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Non-essential imports face curbs as exports dip

Non-essential imports face curbs as exports dip

In order to deal with a recent dip in exports, non-essential imports face a decline. Although there have been no official lists stating the industries that have been targeted, it is understood that markets such as gold and electronics will be considered. 

The government is considering taking action to limit imports of non-essential commodities as merchandise exports continued to decline year-over-year in February for the third consecutive month. Discussions have already taken place at the inter-ministerial level and with the indust

ry. In order to develop measures to limit such non-essential imports, the Ministry of Trade & Industry has shared HS-code (harmonised system) details of essential and non-essential import commodities with ministries. Limiting imports of non-essential goods is seen to be necessary for reducing the total trade deficit because exports are expected to suffer due to a slowdown in global demand.

According to February’s numbers, the trade imbalance has decreased month over month. Once more, it’s not just a statistical issue. The Commerce and Industry Minister convened a number of meetings where measures for limiting unnecessary imports were discussed. All officials, ministries, and ministers were in attendance. According to Sunil Barthwal, the secretary of commerce, those efforts are beginning to bear fruit.

He did not list the industries that import curbs are intended for, but it is understood that the business has been instructed to consider markets like gold and electronic equipment. The trade deficit decreased to $17.43 billion in February despite falling imports and declining exports for the third consecutive month.

India’s exports fell by 8.8% in February to $33.88 billion. The number of imports fell by 8.21% to $51.31 billion from $55.9 billion in the same month last year. Even though the process of creating a list of non-essential imports is still ongoing, Barthwal claimed that its effects were already visible in the import data for February.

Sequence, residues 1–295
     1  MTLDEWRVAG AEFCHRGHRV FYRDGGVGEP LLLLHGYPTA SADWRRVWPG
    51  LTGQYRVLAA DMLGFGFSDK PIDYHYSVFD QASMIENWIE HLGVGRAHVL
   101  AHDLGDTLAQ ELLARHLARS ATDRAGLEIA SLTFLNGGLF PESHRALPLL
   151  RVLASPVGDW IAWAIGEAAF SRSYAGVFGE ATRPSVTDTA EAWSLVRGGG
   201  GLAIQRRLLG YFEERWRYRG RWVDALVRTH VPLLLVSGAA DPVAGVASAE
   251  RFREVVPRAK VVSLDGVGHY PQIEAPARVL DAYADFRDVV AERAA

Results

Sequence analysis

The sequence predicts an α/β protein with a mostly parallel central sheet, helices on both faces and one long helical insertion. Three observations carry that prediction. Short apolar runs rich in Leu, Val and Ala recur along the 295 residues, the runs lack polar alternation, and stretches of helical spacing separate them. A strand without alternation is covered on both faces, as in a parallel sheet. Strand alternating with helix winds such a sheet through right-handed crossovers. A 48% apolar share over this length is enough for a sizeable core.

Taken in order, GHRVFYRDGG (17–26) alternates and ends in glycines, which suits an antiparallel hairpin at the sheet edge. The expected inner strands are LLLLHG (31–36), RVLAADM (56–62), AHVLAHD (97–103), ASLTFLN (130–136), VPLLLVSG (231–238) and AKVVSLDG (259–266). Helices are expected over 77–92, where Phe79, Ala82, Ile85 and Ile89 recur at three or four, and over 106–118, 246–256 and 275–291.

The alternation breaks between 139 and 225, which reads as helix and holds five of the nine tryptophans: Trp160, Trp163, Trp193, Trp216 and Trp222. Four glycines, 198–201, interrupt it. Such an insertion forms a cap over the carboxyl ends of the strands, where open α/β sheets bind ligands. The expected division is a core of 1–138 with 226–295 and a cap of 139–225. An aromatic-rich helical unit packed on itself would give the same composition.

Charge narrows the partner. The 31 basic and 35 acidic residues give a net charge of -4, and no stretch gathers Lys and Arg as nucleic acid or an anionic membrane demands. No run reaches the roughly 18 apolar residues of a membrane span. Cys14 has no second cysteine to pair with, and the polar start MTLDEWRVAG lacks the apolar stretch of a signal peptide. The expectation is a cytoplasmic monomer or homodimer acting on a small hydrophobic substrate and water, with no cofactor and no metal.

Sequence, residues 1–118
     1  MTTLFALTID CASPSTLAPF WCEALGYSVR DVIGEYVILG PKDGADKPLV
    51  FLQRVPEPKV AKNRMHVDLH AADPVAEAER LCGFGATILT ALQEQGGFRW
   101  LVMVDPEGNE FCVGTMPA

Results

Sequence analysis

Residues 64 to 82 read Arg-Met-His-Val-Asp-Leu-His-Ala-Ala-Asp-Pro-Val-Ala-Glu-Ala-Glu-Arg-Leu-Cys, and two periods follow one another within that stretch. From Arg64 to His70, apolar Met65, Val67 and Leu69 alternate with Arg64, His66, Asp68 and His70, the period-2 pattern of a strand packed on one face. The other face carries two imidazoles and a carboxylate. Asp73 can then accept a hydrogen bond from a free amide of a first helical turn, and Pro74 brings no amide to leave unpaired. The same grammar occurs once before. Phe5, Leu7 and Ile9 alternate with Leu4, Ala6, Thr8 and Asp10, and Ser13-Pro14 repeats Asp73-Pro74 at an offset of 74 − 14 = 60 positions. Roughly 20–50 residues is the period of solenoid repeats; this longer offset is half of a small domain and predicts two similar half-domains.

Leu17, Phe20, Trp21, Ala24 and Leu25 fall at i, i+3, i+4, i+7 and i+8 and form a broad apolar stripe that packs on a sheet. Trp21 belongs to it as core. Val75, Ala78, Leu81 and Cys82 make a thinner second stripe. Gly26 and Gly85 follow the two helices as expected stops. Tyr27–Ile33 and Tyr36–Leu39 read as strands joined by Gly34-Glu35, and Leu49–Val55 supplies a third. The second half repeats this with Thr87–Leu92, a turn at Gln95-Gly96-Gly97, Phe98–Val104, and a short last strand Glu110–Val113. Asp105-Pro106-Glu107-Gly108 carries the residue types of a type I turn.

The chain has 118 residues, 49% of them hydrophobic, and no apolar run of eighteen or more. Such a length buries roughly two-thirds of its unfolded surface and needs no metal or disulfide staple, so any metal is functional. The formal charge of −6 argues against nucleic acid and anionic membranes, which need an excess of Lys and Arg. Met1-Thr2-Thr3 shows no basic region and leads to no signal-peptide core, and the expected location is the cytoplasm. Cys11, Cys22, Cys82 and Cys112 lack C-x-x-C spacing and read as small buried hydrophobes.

Barthwal used the pharmaceutical sector as an example when he noted that it became crucial if a generic drug was being made. An API (active pharmaceutical ingredient) was being imported from China or elsewhere. The second evaluation involves determining whether the item is a raw material or an intermediary product, whether it is also produced locally, and whether there is enough capacity.

They are attempting to convince people that if there is enough capacity domestically and it is still being imported, it can be replaced. He continued by saying that it would, of course, rely on the demands of the global value chain.

Yet, if domestic production is able to produce goods of the same quality at the same cost, then it should definitely be used instead. According to him, since the entire PLI (production-linked incentive) plan aims to replace imports, these advantages only become apparent as manufacturing capacity rises

. The exercise, he continued, is being carefully designed so that it doesn’t affect all products in a single category. It also focused on import diversification—getting the same product from a different country for a lower price.

Budget 2022–23 included the most recent round of duty increases across a number of product categories. There are now higher customs taxes on products, including umbrellas, smart meters, earbuds, headphones, and fake jewellery. The majority of these goods were coming from China, either as finished goods or as knocked-down pieces that would be put together in factories in India.

In the last five years, import duties have been raised on products like apples and almonds. The most frequent price increases have been for solar panels and cellphone parts, largely to support and safeguard home manufacturers.

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